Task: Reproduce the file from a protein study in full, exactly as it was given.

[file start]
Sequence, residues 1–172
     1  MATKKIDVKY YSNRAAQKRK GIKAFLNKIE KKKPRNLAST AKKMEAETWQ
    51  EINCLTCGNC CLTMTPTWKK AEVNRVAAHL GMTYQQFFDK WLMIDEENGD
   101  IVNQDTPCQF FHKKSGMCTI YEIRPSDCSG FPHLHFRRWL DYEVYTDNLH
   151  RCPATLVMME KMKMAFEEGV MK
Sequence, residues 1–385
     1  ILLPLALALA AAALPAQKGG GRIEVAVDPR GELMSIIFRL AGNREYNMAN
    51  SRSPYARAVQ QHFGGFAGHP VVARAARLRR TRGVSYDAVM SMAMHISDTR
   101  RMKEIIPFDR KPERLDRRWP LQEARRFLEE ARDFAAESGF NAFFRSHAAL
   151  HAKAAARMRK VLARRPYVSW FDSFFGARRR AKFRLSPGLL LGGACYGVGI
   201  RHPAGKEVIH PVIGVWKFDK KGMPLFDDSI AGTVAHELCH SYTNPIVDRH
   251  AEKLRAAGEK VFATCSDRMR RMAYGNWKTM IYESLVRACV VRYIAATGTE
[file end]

Sequence, residues 1–172
     1  MATKKIDVKY YSNRAAQKRK GIKAFLNKIE KKKPRNLAST AKKMEAETWQ
    51  EINCLTCGNC CLTMTPTWKK AEVNRVAAHL GMTYQQFFDK WLMIDEENGD
   101  IVNQDTPCQF FHKKSGMCTI YEIRPSDCSG FPHLHFRRWL DYEVYTDNLH
   151  RCPATLVMME KMKMAFEEGV MK
Sequence, residues 1–385
     1  ILLPLALALA AAALPAQKGG GRIEVAVDPR GELMSIIFRL AGNREYNMAN
    51  SRSPYARAVQ QHFGGFAGHP VVARAARLRR TRGVSYDAVM SMAMHISDTR
   101  RMKEIIPFDR KPERLDRRWP LQEARRFLEE ARDFAAESGF NAFFRSHAAL
   151  HAKAAARMRK VLARRPYVSW FDSFFGARRR AKFRLSPGLL LGGACYGVGI
   201  RHPAGKEVIH PVIGVWKFDK KGMPLFDDSI AGTVAHELCH SYTNPIVDRH
   251  AEKLRAAGEK VFATCSDRMR RMAYGNWKTM IYESLVRACV VRYIAATGTE